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Surface grinder or SG attachment?

Discussion in 'Shop Talk - BladeSmith Questions and Answers' started by Maineiac1, Oct 29, 2018.

  1. Maineiac1


    May 3, 2017
    I’ve been pondering a surface grinder or a SG attachment for my 2x72. I know if the SG is set up and used properly you can achieve a lot better finish than the attachment. I am not a machinist and would have to learn to use the SG. I’ve found a score on a SG locally (family member sadly passed away that owns it) and am unsure which route to go.

    Do you think this SG pictured is worth $300 without being able to verify its operation, (was told it was being used) but as you can see the mag chuck is rusty.. if so should I go SG or make my own SG attachment for $400ish?

    Beanman13 likes this.
  2. 07Vette


    Aug 2, 2009
    I'd jump all over that
    Beanman13 likes this.
  3. Josh Rider

    Josh Rider KnifeMaker / Craftsman / Service Provider Knifemaker / Craftsman / Service Provider

    Sep 2, 2014
    If you have the room, go for the surface grinder
  4. Kevin McGovern

    Kevin McGovern KnifeMaker / Craftsman / Service Provider Knifemaker / Craftsman / Service Provider

    Jul 31, 2015
    I have an SG attachment I built that I love. That said, I'd jump on that yesterday.
    Justin Schmidt likes this.
  5. HSC ///

    HSC /// KnifeMaker / Craftsman / Service Provider Knifemaker / Craftsman / Service Provider

    Nov 7, 2012
    I have a Boyar Schulz 6-12, I'd get that surface grinder with vice asap
  6. Nathan the Machinist

    Nathan the Machinist KnifeMaker / Machinist / Evil Genius Moderator Knifemaker / Craftsman / Service Provider

    Feb 13, 2007
    That looks like it might be a fine pole chuck to me. That magnet might be worth the asking price alone. Could be useful regardless of the direction you take.
    ron_m80 likes this.
  7. NickBoyle


    Oct 9, 2015
    Better buy it before one of us finds it and steals it out from under ya!!
  8. stezann


    Apr 13, 2011
    Buy that SG without a second thought!!! The rusty magnet you will resurface in place
  9. Laredian


    May 27, 2013
    For 300 I'd buy that surface grinder in a heartbeat! I'm a little bit jealous I must say....but seriously this is a steal.
  10. Maineiac1


    May 3, 2017
    Thanks folks! I don't quite have the room for it right now but I guess I should go get it and hold on to it until I build a dedicated shop! Just a question about wiring it. It is a 3 phase motor, can I run a VFD like I do for my 2X72 to convert a 120 outlet single phase to 220 3 phase to run this grinder? Or is there a simple phase converter?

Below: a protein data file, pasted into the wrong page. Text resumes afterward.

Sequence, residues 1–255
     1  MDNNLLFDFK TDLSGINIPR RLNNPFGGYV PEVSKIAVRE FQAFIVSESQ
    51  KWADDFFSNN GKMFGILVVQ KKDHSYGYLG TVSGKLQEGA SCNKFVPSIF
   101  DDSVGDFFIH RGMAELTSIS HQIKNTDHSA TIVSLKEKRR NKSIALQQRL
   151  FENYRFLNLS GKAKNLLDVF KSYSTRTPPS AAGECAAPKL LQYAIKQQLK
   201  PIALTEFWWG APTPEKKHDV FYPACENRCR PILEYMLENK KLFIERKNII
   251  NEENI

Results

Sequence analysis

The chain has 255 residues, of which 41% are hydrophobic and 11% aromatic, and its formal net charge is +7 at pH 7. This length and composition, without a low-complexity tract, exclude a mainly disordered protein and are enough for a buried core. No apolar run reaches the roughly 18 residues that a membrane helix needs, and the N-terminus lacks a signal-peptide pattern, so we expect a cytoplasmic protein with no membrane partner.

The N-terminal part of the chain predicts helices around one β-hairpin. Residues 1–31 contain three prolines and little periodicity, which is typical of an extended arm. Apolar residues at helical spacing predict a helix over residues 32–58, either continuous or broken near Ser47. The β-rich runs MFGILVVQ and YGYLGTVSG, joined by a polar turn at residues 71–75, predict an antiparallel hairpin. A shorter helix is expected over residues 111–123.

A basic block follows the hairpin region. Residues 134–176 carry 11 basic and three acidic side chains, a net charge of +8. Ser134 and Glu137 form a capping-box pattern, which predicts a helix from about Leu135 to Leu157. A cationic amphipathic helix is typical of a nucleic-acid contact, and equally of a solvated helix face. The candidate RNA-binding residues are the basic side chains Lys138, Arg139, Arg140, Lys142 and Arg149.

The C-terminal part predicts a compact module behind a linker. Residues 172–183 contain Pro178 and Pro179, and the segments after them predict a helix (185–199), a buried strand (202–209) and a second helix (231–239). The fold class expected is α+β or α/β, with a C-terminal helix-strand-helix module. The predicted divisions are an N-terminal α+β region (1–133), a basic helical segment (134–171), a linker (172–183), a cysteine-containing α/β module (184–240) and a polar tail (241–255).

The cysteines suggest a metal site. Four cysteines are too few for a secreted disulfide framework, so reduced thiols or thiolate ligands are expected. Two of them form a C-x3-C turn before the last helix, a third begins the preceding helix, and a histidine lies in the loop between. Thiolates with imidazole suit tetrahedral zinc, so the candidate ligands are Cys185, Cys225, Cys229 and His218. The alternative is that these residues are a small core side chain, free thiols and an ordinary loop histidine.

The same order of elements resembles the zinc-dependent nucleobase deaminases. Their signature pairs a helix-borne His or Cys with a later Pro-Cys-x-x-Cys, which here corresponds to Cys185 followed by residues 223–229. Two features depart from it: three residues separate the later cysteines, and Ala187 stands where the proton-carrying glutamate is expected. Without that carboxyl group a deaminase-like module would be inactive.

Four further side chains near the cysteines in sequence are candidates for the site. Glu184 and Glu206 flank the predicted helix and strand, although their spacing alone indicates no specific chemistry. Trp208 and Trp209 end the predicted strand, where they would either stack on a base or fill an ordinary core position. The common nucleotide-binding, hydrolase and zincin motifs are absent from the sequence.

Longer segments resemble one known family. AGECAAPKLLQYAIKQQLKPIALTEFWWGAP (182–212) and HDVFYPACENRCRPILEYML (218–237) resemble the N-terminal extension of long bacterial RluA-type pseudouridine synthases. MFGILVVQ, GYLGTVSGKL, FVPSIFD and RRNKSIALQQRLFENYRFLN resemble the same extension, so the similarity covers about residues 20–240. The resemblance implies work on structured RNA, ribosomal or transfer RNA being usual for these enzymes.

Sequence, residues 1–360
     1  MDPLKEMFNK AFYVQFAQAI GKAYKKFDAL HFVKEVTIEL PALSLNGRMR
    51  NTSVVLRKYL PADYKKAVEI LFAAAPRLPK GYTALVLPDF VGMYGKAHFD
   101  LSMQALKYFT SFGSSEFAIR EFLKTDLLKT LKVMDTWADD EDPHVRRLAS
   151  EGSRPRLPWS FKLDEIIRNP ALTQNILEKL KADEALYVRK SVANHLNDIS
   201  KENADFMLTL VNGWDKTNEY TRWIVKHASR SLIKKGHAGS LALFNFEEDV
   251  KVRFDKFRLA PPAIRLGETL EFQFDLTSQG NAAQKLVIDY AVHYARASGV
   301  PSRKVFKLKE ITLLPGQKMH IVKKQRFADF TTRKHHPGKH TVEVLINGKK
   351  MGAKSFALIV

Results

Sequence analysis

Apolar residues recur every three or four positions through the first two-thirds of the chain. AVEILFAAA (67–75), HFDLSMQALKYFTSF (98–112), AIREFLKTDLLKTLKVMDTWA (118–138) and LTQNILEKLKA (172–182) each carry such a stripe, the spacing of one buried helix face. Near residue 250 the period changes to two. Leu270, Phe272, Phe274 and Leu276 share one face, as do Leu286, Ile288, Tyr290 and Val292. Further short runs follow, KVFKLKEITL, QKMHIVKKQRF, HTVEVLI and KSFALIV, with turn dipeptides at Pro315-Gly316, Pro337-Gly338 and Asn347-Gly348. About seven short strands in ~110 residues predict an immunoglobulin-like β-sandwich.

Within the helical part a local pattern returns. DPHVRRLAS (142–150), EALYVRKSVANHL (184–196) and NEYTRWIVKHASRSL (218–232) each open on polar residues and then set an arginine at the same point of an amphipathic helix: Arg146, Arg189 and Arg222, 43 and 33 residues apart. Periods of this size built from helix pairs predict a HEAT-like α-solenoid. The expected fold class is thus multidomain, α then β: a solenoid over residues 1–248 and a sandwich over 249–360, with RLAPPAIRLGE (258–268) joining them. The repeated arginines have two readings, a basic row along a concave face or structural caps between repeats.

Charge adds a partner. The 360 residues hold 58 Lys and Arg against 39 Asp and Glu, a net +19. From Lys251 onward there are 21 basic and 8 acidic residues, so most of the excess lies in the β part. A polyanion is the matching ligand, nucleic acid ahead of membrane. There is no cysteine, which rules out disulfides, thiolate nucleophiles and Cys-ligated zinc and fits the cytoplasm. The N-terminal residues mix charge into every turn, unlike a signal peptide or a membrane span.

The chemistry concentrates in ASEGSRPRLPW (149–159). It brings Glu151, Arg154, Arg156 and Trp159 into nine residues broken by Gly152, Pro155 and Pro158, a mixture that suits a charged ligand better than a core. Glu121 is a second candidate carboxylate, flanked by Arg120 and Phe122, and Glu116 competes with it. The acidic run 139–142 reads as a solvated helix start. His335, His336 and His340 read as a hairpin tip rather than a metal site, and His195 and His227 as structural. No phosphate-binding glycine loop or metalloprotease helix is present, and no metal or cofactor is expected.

11. Nathan the Machinist

    Nathan the Machinist KnifeMaker / Machinist / Evil Genius Moderator Knifemaker / Craftsman / Service Provider

    Feb 13, 2007
    a vfd works or a static phase converter, either way works it's simple, just don't change the 3-phase motor to a single phase motor you might mess up your finish
  12. Ken H>

    Ken H>

    Dec 31, 2011
    Nathan, I'm going to show my lack of knowledge here. I worked with SG over 40 yrs ago for a yr or so and I don't remember them having variable speed. They were 3 ph, but only single speed - from what I remember. Seems like the stone wheels always turned pretty fast. Unless you need variable speed, why would changing to a 1 ph motor cause finish problems?
  13. Missing Man Forge

    Missing Man Forge

    Oct 30, 2018
    I have one just like that. Don't buy it until you look at the motor. These were made with single voltage motors, it may be for 480 volts only. You can't wire it for 240 volts, and you can't change the motor without a lot of trouble, the motor rotor and spindle are one piece. If you want to change the motor, you have to remove the motor and spindle, cut the motor off, machine the back of the spindle for a flex coupling, make an adapter bracket for a C Face motor and matching flex coupling. I did this and its a smooth machine when finished. Good Luck. John
  14. Maineiac1


    May 3, 2017
    Yikes, thanks for the input as all I was told was it is 3 phase, so I assumed 230v!
  15. Nathan the Machinist

    Nathan the Machinist KnifeMaker / Machinist / Evil Genius Moderator Knifemaker / Craftsman / Service Provider

    Feb 13, 2007
    The motors that come on surface grinders are special. Changing them out leads to problems with surface finish due to vibration. I've learned this the hard way.
  16. Drew Riley

    Drew Riley

    Oct 17, 2007
    OP could also get a step up transformer if it is in fact 480. I have a Reid 618p (which this appears to be, or at least some very similar version to the Reid 618). It's a 1hp 220VAC motor on mine.
  17. Ken H>

    Ken H>

    Dec 31, 2011